Peggy Barber, Library Promotion Pioneer, Dies at 75

Margaret “Peggy” Barber, who helped change the way libraries promote their services, died on August 25 at age 75. Among other accomplishments, Barber established the American Library Association Public Information Office, Public Programs Office, and Graphics program, which produced the acclaimed "Celebrity Read" poster series and the universal library logo, used as street signage nationwide. She received the Lippincott Award for distinguished service to the profession in 1999.

Peggy Barber head shotMargaret “Peggy” Barber, who helped change the way libraries promote their services, died on August 25 at age 75.

Among other accomplishments, Barber established the American Library Association (ALA) Public Information Office, Public Programs Office, and Graphics program, which produced the acclaimed "Celebrity Read" poster series and the universal library logo, used as street signage nationwide. She received the Lippincott Award for distinguished service to the profession in 1999.

Barber earned a bachelor’s degree in English from the University of California at Riverside in 1965 and a master’s in Library and Information Science from Rutgers University, NJ, in 1966. She began her career as a coordinator for the Orange County Cooperative Library System, CA, and as a reference librarian for the Bay Area Reference Center at the San Francisco Public Library.

Barber joined ALA in 1970 as director of the Office for Recruitment, and then became head of the new Public Information Office. In her role as associate executive director for communication, she launched two of ALA’s major initiatives: National Library Week (NLW), which had previously been a publishers’ program, and ALA’s annual communications audits, which help guide its public programs.

ALA’s NLW campaign rolled out in 1975 with the theme "Information Power," accompanied by posters, bookmarks, print ads, and radio public service announcements. Libraries and individuals requested additional campaign posters from the outset, so Barber encouraged ALA to meet the demand with a separate line featuring a dedicated message.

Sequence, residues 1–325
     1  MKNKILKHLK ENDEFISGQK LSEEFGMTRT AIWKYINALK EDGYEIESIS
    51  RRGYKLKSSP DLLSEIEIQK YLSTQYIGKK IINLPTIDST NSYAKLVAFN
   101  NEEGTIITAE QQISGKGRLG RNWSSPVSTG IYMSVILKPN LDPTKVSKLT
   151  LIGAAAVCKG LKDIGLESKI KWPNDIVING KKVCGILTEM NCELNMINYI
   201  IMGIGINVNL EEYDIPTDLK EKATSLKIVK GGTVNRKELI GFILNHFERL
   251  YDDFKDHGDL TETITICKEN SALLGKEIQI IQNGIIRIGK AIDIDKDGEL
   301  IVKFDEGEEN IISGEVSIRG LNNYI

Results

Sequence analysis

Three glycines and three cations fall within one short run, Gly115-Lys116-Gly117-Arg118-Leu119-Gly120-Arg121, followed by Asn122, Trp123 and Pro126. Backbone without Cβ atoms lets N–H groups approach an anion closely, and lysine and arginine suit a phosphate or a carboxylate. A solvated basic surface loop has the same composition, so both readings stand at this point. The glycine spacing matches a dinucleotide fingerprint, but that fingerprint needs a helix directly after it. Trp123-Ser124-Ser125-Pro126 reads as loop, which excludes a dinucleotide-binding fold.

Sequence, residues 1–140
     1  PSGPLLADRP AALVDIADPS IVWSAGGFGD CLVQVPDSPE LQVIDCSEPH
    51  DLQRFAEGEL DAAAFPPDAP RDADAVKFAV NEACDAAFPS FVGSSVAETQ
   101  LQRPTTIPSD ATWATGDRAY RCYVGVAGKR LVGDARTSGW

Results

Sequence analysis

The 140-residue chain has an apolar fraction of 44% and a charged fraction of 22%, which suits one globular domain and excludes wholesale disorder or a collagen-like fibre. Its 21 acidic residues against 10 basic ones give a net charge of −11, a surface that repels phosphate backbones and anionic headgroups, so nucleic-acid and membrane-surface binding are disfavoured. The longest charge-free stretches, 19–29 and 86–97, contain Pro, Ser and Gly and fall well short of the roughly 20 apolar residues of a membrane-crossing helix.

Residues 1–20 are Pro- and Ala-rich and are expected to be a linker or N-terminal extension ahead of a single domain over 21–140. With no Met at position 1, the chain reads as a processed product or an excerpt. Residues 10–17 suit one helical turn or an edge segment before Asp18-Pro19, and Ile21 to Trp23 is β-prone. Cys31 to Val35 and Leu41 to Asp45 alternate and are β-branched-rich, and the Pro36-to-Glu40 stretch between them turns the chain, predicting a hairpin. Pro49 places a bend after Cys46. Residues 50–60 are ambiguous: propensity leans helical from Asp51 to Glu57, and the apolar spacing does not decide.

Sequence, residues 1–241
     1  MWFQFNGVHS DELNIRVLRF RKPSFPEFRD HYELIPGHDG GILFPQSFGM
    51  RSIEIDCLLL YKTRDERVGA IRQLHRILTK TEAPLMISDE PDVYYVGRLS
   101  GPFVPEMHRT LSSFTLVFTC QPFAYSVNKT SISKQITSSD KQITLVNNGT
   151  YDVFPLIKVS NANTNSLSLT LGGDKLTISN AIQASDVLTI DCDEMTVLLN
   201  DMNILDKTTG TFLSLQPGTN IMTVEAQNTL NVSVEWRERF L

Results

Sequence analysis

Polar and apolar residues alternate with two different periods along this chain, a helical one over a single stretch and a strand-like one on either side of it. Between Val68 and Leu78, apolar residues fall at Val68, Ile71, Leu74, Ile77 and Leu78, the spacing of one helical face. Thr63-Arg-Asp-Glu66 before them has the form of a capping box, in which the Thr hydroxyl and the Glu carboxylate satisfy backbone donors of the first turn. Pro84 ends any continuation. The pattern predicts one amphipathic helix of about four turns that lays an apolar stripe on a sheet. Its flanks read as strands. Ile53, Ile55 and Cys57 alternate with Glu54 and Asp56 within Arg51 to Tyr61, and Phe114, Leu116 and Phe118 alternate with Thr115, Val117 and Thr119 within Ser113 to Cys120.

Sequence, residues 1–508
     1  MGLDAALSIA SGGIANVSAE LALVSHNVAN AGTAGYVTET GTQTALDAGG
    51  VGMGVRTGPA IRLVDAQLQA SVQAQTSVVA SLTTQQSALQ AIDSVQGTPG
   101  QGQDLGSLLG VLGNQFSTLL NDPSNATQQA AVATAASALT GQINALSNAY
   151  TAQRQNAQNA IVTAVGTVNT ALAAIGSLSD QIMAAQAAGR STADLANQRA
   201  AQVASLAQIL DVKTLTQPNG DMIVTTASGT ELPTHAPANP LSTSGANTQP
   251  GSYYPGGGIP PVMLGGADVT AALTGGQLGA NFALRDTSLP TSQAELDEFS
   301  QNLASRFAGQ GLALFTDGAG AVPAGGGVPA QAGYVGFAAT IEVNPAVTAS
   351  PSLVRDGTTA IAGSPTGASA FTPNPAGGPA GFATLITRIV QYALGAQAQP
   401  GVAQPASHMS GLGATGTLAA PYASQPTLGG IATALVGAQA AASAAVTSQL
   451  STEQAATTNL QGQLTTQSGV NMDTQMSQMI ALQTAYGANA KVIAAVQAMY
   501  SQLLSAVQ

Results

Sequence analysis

The first Read poster was produced in 1980, depicting Mickey Mouse reading by a fireplace with his dog Pluto beside him, atop the simple message, “Read.” The following year, Barber wrote to Henson Associates asking for permission to use the Muppet character Miss Piggy as “America’s Library Spokespig,” according to a 2003 article Barber penned for American Libraries. “The poster was shot in New York City,” she wrote. “New York Public Library provided books for the set, and the Henson folks created some wonderful new titles like The Days of Swine and Roses and Tinker, Tailor, Soldier, Frog.” The Read series went on to feature Yoda, Snoopy (in Spanish and English), Wonder Woman, David Bowie, Bette Midler, Yo-Yo Ma, Stephen Hawking, Rachel Maddow, and more; a number of award-winning artists designed posters as well. Income from poster sales funds ALA’s year-round public relations program.

Barber was “a consummate innovator and a pioneer,” Patricia Glass Schuman, 1991–92 ALA past president, told the Chicago Tribune. “Peggy’s efforts changed the way librarians and library supporters think about communication and advocacy—and she pushed us all with determination, style, and grace.”

In 1993, Barber and coauthor Linda D. Crowe published Getting Your Grant: A How to Do It Manual for Librarians (Neal-Schuman Publishers). She left ALA in 2000 and founded her own consulting firm, Library Communication Strategies, which she continued until 2015. Barber’s stepdaughter told the Chicago Tribune that in retirement she enjoyed travel, playing the cello, and walking her golden retriever, Lucy.

Barber also chaired the National Coalition for Literacy and the Community Advisory Board of Chicago's public radio station, WBEZ, and in 2009 she and Peggy Danhof served as copresidents of ALA’s Association of Library Trustees, Advocates, Friends, and Foundations, which later became United for Libraries. Barber “was such a strong, positive, and uniting force as we brought together Friends, Trustees, and Foundations together in one ALA division, said ”Jillian Wentworth, United for Libraries manager of marketing and membership.

“Peggy and I were on the Program Committee of United for Libraries five years ago,” recalled United for Libraries board member and library consultant Dick Waters. “We put together a program titled ‘Getting a Bigger Piece of the Pie.’ Peggy had the idea of having pie slices ([to] eat) for those who attended.”

The program drew a standing room only crowd, said Waters, and every person who wanted a “piece of the pie” got one. “Peggy was a jewel,” he told LJ. “She was smart, full of energy, and resourceful. She was a friend, a colleague, a very good person.”

“Like everyone else who dealt with [ALA], I was in love with Peggy Barber,” said Library Journal Editor-at-Large John N. Berry III. She was “the happiest person I ever worked with,” Berry said, “and one of the most effective at her work as ALA’s voice to the world. She navigated the complexities of that often impenetrable organization and I think she was the key to much of ALA’s success as it interacted with librarians and publishers and, of course, the press and world. I was always happy when our LJ coverage of ALA meant I would have some time with Peggy.”

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Lisa Peet

lpeet@mediasourceinc.com

Lisa Peet is News Editor, News for Library Journal.

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